Why this politics and parochialism over terror cases?

Why this politics and parochialism over terror cases?

Last year on February 9, Afzal Guru, convicted for his role in the 2001 Parliament attack case, was secretly hanged in Tihar jail within six days of president Pranab Mukherjee rejecting his mercy petition. 

Less than a year later, on January 21, a Supreme Court bench headed by Chief Justice P Sathasivam cited delay in deciding mercy petitions by the president to commute death sentence of 15 convicts to life imprisonment with a provision for early release according to procedures. 

Again on February 18 its verdict allowed commuting of sentence to life of three terrorists on death row in the Rajiv Gandhi assassination case. Within 24 hours of this verdict, the Tamil Nadu government of J Jayalalitha announced she would release from prison all the convicts in the Rajiv Gandhi assassination case. But the Supreme Court intervened to issue a stay on the decision.

In this season of political accusations, one can only imagine the flak the Congress would have faced had the President accepted Afzal Guru’s mercy petition and decided to convert his death sentence to life imprisonment. The BJP no doubt would have been the first to charge the ruling dispensation with being soft on terror, playing vote-bank politics and appeasing jihadi fundamentalism.

For years it had demanded the early hanging of Afzal Guru vociferously and aggressively, never mind the fact that there were death row convicts pre-dating the conviction of Guru. Those who protested against the hanging were immediately described as anti-national.But now when parties are desperately looking for electoral partners and are keeping a sharp eye on potential post-poll alliances that could help them go past the 272-mark of bare majority in Parliament, what was their reaction to the Tamil Nadu decision?

The criticism was muted at best. It was left almost entirely to the Congress party to strongly criticise the Tamil Nadu decision, as if only the Congress party should worry about Rajiv Gandhi’s killers walking free for he was their leader.

While certainly there can be no excuse for delays of several years in deciding mercy petitions, surely, the court could have laid out a time-frame for such decisions in the future instead of allowing long delays for the last 60 years and then suddenly allowing commuting of all death sentences because of delay in disposing of mercy petitions. The ‘people’s president’ Abdul Kalam cleared only two petitions although 17 were pending during his term.

It is one thing to argue in favour of abolition of capital punishment, which over a 100 countries have done away with. But it is quite another to be seen to favour terrorists simply because they belong to the same state, speak the same language or have the same religion. In the case of the Rajiv Gandhi killers the argument is not that they were innocent of the crime or were genuinely remorseful. Jayalalitha was surely appealing to the basest parochial Tamil sentiment. 

Politicisation of terror

The two Dravida parties are not alone in this game. On August 31, 1995 Beant Singh, then Chief Minister of Punjab, was assassinated. Seventeen others died with him in what was an attack by a Babbar Khalsa suicide bomber.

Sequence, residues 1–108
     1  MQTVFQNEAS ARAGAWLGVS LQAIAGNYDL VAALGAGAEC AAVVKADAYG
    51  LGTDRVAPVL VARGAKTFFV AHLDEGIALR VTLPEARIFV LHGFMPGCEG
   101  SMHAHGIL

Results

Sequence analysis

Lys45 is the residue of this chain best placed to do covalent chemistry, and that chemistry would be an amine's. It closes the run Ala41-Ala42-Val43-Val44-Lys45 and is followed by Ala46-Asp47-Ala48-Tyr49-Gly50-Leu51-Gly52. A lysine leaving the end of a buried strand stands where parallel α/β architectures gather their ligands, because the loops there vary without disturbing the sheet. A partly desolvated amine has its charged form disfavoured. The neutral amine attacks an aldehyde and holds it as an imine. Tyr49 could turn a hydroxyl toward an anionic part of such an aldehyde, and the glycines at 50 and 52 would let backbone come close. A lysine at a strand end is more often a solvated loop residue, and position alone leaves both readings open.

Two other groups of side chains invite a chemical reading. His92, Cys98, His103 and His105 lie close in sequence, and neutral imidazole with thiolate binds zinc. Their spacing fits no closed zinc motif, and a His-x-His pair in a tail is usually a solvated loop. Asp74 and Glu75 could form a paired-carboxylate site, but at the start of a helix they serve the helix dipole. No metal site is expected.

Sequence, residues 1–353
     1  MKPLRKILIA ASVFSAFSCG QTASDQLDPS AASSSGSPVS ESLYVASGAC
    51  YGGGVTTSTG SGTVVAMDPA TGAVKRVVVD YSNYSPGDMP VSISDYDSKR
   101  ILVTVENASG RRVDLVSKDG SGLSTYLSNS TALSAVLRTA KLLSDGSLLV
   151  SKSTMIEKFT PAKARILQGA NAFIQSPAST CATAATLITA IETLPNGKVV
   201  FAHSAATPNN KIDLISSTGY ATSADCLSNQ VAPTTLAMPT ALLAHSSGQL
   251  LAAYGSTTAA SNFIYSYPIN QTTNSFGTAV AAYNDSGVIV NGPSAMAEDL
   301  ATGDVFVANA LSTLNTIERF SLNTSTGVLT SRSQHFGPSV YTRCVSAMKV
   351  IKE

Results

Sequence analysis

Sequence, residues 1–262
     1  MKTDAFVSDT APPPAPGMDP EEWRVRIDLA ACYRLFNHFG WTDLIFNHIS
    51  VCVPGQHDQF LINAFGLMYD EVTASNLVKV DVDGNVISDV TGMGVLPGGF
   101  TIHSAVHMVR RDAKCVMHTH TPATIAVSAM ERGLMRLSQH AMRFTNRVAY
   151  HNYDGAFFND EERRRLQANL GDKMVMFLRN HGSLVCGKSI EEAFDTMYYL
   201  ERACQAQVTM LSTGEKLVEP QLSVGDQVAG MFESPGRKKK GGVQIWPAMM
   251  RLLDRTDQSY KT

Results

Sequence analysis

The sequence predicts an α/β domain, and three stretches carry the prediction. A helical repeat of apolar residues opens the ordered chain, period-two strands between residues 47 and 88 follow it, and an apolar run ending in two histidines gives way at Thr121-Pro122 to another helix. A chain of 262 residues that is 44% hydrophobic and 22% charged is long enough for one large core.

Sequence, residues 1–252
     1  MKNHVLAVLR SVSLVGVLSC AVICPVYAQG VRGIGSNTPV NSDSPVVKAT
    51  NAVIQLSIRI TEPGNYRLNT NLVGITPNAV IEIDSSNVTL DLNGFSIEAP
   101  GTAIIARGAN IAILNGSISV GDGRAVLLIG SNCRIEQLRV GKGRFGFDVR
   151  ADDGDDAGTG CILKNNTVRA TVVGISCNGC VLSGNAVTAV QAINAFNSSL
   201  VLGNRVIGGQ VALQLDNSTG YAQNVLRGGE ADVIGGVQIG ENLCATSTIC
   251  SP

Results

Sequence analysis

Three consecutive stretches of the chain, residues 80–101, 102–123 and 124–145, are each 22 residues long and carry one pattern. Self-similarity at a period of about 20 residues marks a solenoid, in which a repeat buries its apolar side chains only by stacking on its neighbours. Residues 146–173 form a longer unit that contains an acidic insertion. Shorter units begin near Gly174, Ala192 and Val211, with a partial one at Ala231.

Balwant Singh Rajaona, an accomplice who confessed to having helped the bomber tie the explosive-laden belt, was convicted and given a death sentence in 2007 that was confirmed by the High Court in 2010.

With his mercy petition rejected, he was to be hanged on March 31, 2012 – no inordinate delay here -- but Punjab Chief Minister Prakash Singh Badal cited orders of the ‘Singh Sahiban’ (Sikh clergy of the Akal Takht) to petition the President for mercy once again. His execution was stayed, for the ruling Congress too had an eye on Sikh votes.

It was no act of compassion on the part of the Akalis, but a result of competitive radical Sikh politics, veering dangerously close to the separatist Khalistani agitation. For how else can one describe the Akali decision favouring a martyr’s memorial to Bhindranwale, who led the demand for Khalistan?

And why has the BJP, a coalition partner of the Akali Dal, maintained a studied silence on this despite its posture of zero tolerance to terror? Was Bhindranwale not a terrorist? For that matter, there has been no national protest against this blatant politicisation of terror.

In April 2012 the highest court had turned down the mercy plea of Devender Singh Bhullar convicted for a bomb attack on former Indian Youth Congress president Maninderjeet Singh Bitta. The court reasoned he was not just a murder accused but also a terrorist, deserving no mercy. 

Less than two years later, the Supreme Court overturned its earlier judgement when on January 21 this year it failed to make a distinction between murder and terror cases. Delay in disposal of mercy petitions was a good enough reason for commuting all death sentences to life imprisonment. The Bhullar case was instantly revived and is awaiting final disposal. And of course, for years the Akalis have been lobbying against his execution.

The dangerous signal that is being sent out is that it is all right to hang a Muslim terrorist, but not a Hindu or a Sikh. Justice must not only be done, it must be seen to be done. Unless we wake up, the day may not be far away when some outfit decides on a memorial to Indira Gandhi assassins or to ‘honour’ Nathuram Godse as a martyr?

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